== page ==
What is split testing? How to improve your next Campaign

What is split testing? 

Split testing, sometimes referred to as A/B testing, is an important aspect of optimising landing pages, websites and digital ads for maximising ROI. Which conversion objective is being tested for is completely dependant on the nature of the businesses goals; clicks, calls, form submissions or purchases are all things, which split testing aims to boost.

Split Testing involves creating measurable changes to the particular aspect that is being assessed and comparing the performance of such variations against a control. This process is frequently carried out by advertisers and marketers to empirically evaluate measurable elements of a website, page or advertising campaign.

How Does Spilt Testing Work?

The process of split testing involves running two or more versions of a landing page, website or ad; a control version (the original) and a version which has had one or more of its elements altered in order to find out which performs better. Incoming traffic is evenly and randomly divided between the control and the variant(s) without visitors knowing in order to produce objective results. Once enough traffic to produce a statistically significant end result has visited the landing page/website/ad, testers will be able to infer whether the variations have or have not improved the subjects’ performance based on metrics such as click-through rate and conversions.

The non-exhaustive list of things that split testing is used to test is;

  • Visual; pictures, graphics, videos, colours of text and CTAs etc., the layout of different visual elements, size of buttons, text, menus and forms.
  • Textual; headlines, call to actions, and any copy.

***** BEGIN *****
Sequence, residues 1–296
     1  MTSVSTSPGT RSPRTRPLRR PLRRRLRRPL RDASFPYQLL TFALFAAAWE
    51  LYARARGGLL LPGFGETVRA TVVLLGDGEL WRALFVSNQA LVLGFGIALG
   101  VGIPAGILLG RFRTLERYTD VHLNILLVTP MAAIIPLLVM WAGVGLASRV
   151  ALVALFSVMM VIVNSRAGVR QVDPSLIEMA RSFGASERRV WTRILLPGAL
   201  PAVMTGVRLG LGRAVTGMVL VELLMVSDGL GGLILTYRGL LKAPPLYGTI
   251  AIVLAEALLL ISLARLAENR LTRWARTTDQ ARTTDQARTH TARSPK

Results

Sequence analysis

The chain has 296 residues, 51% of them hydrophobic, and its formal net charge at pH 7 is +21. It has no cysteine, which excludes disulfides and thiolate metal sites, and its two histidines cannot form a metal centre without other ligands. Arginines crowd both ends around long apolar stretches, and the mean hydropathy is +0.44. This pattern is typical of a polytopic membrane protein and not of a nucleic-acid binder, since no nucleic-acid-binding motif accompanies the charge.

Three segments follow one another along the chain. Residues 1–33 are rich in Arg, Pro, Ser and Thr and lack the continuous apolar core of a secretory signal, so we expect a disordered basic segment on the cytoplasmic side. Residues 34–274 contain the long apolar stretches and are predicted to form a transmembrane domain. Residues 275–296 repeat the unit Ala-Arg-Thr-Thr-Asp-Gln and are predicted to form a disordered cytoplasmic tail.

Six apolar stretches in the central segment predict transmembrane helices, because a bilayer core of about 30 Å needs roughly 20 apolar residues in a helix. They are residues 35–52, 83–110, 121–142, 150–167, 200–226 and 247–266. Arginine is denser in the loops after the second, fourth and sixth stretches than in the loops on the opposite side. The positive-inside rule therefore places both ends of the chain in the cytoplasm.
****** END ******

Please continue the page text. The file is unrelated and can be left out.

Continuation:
• Visitor experience; how users are able to navigate the page to get from one point to another.

Among many, one of its major values is that it can evidentially settle the difference between subjective web page or ad features such as colours and visual design.

How can marketers split test to generate meaningful results?

One of the most important things to have before you start your split test is a data centred objective for your (or your client’s) particular business objectives. What works for one will by no means always work for another and so it’s imperative to formulate a hypothesis based on your specific requirements prior to initiating a split test.

Within the hypothesis, you will need to determine the volume of visits to your control and variants that will produce a clear result about which one performed better. For example, you may decide that a 90/10 split is statistically significant enough for you to identify the page or ad that produced a higher conversion rate.

Following this, create the relevant modifications that you intend to test and ensure that all confounding variables, such as traffic sources, are accounted for. Likewise, ensure that all links, CTAs and visual elements are identical across all versions to avoid generating inaccurate results. Finally, direct traffic to the relevant pages or ads and wait for the results to come in.

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